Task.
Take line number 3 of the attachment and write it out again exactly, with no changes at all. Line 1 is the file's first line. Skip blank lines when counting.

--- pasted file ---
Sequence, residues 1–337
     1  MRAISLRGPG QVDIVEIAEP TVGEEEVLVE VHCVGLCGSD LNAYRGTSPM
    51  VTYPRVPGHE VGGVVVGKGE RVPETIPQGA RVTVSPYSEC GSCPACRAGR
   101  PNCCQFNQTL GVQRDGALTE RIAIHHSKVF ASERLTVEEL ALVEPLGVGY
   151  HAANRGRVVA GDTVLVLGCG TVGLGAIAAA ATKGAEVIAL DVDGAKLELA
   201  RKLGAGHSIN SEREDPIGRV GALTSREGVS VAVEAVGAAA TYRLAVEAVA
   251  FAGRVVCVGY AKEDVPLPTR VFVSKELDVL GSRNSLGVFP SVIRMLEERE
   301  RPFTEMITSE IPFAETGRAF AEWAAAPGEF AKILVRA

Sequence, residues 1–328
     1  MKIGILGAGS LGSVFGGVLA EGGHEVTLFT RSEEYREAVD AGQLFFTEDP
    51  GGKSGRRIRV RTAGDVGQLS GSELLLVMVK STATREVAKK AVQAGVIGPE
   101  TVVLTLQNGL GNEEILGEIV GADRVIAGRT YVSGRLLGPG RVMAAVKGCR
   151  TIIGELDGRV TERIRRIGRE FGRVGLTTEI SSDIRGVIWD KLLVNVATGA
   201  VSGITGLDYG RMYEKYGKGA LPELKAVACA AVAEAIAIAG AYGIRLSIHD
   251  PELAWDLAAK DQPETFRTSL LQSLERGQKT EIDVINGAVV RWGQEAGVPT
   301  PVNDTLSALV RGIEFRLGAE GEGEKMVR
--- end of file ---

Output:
    51  VTYPRVPGHE VGGVVVGKGE RVPETIPQGA RVTVSPYSEC GSCPACRAGR